Fiji’s Prime Minister Sitiveni Rabuka has justified the Government’s use of Standing Order 51 to fast-track the repeal of the Media Industry Development (Repeal) Bill of 2023 and the i-Taukei Land Trust (Amendment) Bill of 2023.
Speaking to FijiLive, Rabuka said that the two motions do not need to go to any of the Standing Committee and the two Bills are proposed to directly revert back to what it was before.
Rabuka said this is how the FijiFirst Government brought the MIDA Act of 2010 and the iTaukei Land Trust (Budget Amendment) Act – through Standing Order 51.
The Prime Minister was responding to criticism from Opposition MPs on Government’s intentions to fast track debate and to pass the two proposed Bills without further consultations from the public and relevant stakeholders.
Rabuka said if the avenue is available under the Standing Orders, “Use it, if the door is still open.”
“Any amendment or repeal of the original Act, that we are reverting to now, is still subject to consultations,” Rabuka said.
However, the Leader of Opposition Inia Seruiratu has called on the Attorney-General to conduct further consultations on the two proposed Bills.
Seruiratu said Government was avoiding consultations due to the fact of the low turnout from the public, from the meetings being conducted by the Fiscal Review Committee.
The Leader of Opposition also told the Parliament that an initial draft of the Bill to amend the MIDA Act 2010, however, due to pressure from media organisations, Seruiratu said Government is now proposing to repeal the Act.
Meanwhile, deputy Prime Minister and Minister for Communications, Manoa Kamikamica says the FijiFirst MPs’ opposing the repealing of the Media Industry Development Act 2010 and the iTaukei Land Trust Budget Amendment Act 2021 or commonly known as Bill 17 and asking for public consultations, is like a pot calling a kettle black.
While speaking on the Bills to be repealed and to be debated this Thursday, Kamikamica said this is serious business in Parliament and the problem with the opposition is they never listen.
Kamikamica said the government will use Parliamentary Standing Orders 51 sparingly and responsibly, and they will only use it when they believe the laws have been unjust and draconian, and consultations on Bill 17 by the FijiFirst happened after they were passed.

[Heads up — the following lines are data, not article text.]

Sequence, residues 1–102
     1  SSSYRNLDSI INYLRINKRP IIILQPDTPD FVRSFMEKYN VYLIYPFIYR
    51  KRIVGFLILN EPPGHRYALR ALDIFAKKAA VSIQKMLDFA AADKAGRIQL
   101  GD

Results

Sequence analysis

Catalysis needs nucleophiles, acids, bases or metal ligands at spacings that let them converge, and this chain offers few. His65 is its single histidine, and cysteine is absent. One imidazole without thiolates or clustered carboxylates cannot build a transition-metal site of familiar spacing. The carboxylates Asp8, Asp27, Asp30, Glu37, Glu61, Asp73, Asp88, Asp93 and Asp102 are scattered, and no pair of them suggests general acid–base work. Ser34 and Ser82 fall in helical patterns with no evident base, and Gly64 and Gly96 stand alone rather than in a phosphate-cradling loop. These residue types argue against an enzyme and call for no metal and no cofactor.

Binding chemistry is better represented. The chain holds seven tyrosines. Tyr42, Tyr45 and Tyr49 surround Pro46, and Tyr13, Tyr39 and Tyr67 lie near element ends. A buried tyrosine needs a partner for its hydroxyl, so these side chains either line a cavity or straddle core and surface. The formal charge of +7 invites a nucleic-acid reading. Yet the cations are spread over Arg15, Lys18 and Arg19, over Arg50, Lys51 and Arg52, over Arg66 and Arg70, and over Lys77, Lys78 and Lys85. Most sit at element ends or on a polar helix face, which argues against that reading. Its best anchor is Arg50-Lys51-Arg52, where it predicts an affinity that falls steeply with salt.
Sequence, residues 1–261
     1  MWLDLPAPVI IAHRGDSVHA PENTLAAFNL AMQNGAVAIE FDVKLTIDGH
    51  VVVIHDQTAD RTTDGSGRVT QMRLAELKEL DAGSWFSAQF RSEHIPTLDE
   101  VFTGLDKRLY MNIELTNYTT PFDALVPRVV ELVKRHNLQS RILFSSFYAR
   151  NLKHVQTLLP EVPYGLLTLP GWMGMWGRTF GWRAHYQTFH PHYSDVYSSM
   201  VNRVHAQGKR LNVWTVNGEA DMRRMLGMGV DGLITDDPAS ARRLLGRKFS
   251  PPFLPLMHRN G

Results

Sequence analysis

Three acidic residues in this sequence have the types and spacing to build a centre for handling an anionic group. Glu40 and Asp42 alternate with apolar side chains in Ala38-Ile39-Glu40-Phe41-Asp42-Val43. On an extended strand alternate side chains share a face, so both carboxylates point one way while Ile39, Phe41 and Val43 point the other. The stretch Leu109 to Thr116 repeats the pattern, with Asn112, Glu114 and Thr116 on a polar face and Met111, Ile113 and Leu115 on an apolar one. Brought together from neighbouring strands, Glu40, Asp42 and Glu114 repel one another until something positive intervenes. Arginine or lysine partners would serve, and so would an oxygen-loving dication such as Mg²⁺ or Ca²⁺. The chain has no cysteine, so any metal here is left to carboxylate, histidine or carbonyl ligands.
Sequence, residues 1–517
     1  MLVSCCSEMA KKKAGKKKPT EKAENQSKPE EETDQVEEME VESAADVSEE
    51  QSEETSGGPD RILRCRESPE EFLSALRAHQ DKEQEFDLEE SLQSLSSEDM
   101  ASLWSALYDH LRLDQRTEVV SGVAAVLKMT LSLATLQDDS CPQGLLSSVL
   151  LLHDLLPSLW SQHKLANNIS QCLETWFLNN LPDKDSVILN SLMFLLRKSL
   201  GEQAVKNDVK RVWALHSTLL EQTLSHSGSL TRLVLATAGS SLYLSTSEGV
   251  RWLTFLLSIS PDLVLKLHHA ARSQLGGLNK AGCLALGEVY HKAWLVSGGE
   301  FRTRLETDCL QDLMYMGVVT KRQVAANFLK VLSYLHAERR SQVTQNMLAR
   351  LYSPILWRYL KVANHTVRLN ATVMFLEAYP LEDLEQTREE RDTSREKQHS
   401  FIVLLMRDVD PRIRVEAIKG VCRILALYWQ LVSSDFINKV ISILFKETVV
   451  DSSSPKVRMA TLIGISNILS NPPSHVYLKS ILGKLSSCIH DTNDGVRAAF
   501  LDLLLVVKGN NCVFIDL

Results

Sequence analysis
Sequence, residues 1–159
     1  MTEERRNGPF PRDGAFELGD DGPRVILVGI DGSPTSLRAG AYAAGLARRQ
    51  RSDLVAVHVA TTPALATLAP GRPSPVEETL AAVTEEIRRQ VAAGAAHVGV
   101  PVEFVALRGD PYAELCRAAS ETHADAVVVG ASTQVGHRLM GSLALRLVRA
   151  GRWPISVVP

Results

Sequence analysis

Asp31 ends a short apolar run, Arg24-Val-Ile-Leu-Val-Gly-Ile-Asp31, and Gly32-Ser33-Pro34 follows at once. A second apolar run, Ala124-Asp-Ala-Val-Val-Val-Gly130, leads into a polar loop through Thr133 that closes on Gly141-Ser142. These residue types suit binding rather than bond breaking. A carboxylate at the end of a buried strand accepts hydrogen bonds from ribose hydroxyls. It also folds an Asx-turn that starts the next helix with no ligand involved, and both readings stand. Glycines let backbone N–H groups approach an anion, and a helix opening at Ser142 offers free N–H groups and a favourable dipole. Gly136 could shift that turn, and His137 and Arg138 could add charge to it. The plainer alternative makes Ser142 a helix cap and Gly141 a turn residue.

He said what a nonsense.
Kamikamica said these two laws are wrong, they should not exist in a proper democracy, and the two Acts are gone.
FijiFirst MP, Alvick Maharaj said people are also saying that the coalition government should increase the minimum wage, increase the cane price and reopen the Rakiraki Sugar Mill.
Maharaj said Standing Orders 51 allows 30 days for public consultations and these Bills should be referred for that. He said they should then come back if they need to be repealed.
Finance Minister Professor Biman Prasad said these Bills are to repeal Acts where there was no consultation.
He said he Media Act was brought in by the military government to suppress the media.
Professor Prasad said Bill 17 was brought into parliament without proper consultation and he had opposed it.
He said after it was tabled, he was one of the people taken to the Police Station for questioning.
Professor Prasad said he was taken four or five times and the Police officers said they can’t tell him why he was taken in as there were orders from the top.
Minister for Women, Children and Poverty Alleviation, Lynda Tabuya said they are getting on with the job as the opposition has been saying.
Tabuya said these Acts have to go.
SOURCE: FIJI LIVE/FIJI VILLAGE/PACNEWS